Backwaters and Hill Stations of Kerala

Kerala Waterways

After a relaxing 2 nights  in Varkala we headed up the coast to Kollam. The town itself  is just another busy, noisy Indian town. But it’s also the southern starting point for the backwaters of Kerala. The backwaters are a network of over 900km of stunning palm fringed rivers and lakes. It’s a popular tourist destination and there are hundreds of house boats that take people out for overnight trips, canoe rides, and village stays.


We decided on a cheaper option than a house boat and took an 8 hr scenic cruise up to Alappuzha and our bikes came with us! This also meant we didn’t have to ride the 90km to get there. It was a fantastic ride past countless villages, resorts, and all manner of religious  edifices. The backwaters were once used to transport goods from inland to the coast and this can still be seen in the villages running along the banks and colourful fishing boats going about their  daily business.


We had planned to leave Alappuzha in the morning but the town looked  nice so we decided  to spend the day exploring instead. There’s a channel that runs into town with fancy tourist boats trying to get your business and a local ferry boat stop where tatty government boats run locals around to the towns and villages out in the waterways. We took our bikes on a ride along these waterways to check out the beach and the rest of town too.


The next day we decided to get one of the run down local boats to Kottayam and start our 3 day ride into the western Ghats. The roads started off with just easy rolling hills but the closer we got to the Ghats the bigger and steeper the hills got. It was very demoralizing to work so hard to gain 100m and then find a steep downhill just around the corner and end up at the same altitude you started at!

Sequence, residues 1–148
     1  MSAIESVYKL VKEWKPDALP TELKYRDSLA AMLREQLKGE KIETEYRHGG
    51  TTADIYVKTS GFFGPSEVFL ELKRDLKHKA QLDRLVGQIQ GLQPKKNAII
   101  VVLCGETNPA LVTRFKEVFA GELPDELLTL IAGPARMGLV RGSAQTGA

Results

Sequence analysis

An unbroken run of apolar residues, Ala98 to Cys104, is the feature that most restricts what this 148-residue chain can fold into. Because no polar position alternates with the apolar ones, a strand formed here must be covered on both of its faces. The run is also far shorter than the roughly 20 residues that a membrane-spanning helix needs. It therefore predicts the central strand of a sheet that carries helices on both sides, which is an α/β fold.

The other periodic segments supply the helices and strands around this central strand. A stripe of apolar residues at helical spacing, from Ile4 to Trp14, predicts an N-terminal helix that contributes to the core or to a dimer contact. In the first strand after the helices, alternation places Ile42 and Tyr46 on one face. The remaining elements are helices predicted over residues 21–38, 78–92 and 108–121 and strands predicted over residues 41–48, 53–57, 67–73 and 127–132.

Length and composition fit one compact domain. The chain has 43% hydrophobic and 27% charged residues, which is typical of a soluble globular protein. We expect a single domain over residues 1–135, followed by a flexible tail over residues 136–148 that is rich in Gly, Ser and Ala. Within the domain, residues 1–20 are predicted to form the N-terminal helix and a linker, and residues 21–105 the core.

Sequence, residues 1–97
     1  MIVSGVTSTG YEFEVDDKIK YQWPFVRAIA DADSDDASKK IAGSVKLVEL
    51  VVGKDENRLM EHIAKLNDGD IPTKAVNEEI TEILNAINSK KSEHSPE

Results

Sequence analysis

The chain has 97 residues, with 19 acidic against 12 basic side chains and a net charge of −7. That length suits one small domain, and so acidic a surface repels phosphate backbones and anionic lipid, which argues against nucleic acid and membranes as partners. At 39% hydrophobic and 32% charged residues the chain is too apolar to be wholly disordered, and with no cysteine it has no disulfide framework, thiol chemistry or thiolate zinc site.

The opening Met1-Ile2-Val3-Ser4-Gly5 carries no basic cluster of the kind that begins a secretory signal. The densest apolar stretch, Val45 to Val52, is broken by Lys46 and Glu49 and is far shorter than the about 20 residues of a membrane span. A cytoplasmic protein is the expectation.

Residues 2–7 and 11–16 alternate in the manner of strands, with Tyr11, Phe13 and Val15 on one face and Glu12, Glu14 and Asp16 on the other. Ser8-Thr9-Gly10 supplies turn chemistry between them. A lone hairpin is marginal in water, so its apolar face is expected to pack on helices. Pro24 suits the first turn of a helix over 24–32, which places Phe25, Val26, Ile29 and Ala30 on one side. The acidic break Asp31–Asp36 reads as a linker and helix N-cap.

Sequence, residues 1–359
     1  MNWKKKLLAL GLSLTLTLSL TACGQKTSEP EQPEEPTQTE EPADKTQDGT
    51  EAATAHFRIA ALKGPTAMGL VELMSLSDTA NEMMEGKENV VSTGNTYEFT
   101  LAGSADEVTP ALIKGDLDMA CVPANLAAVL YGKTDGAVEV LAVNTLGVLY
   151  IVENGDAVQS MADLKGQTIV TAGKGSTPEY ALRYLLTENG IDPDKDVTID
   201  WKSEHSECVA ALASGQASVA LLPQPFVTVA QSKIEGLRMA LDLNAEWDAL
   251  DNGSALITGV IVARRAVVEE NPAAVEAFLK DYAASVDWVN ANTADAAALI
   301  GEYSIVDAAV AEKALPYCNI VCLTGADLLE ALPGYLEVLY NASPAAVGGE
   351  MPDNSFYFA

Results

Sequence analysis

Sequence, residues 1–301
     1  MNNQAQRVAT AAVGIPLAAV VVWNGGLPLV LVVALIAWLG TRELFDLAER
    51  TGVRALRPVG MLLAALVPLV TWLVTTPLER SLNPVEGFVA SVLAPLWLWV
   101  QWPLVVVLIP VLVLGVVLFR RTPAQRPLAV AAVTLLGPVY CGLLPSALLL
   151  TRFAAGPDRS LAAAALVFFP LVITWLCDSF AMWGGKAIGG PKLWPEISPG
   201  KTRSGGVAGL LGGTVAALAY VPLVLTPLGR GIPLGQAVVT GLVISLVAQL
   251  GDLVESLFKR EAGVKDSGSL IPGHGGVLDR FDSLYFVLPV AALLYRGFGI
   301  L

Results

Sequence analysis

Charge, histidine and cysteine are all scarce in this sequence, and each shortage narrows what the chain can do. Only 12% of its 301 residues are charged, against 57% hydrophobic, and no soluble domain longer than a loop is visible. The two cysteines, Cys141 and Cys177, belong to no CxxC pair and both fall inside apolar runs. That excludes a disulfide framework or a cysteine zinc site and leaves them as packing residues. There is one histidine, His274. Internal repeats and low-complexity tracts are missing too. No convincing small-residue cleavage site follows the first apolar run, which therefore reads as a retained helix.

Despite the hard work the scenery on the ride was phenomenal. We passed rubber tree plantations at first and almost rode into an elephant that was being lead down the road. The landscape then changed to jungle and we saw monkeys in the trees and found a spot to bush camp for the first time since entering Kerala. We spent the night in the dense jungle listening to the cacophony of sounds around us and wondering what was making them! Finally on our last day we entered the manicured tea plantations of the Ghats.

Jungle Camping

We finally made it to Munnar after 180km and a combined 9000m of climbing even though Munnar only sits at about 1500m. The best part about the Ghats has to be the cooler temperatures, 30°c in the day and dropping down to 17°c at night this time of year.

Tea Plantations

We spent 4 full days in Munnar enjoying the cooler climate and exploring the picturesque tea plantations that surrounds the town by foot and bicycle.

Overlooking the Ghats


One thought on “Backwaters and Hill Stations of Kerala

  1. greetings guys, so amazing your adventures, our first winter vacation from wodstock we tok the train to madras now chennai and then busses and train south to kerala. took a pepper boat, 100 lb bags of black pepper corns, back and foth across the back waters, 12 hours to go 10 miles. gorgeous. then an ox cart to the airport to mysore for xmas. your adventures are about as amazing as it can get. congratulations.uncle vance


Leave a Reply

Fill in your details below or click an icon to log in: Logo

You are commenting using your account. Log Out /  Change )

Google+ photo

You are commenting using your Google+ account. Log Out /  Change )

Twitter picture

You are commenting using your Twitter account. Log Out /  Change )

Facebook photo

You are commenting using your Facebook account. Log Out /  Change )


Connecting to %s

%d bloggers like this: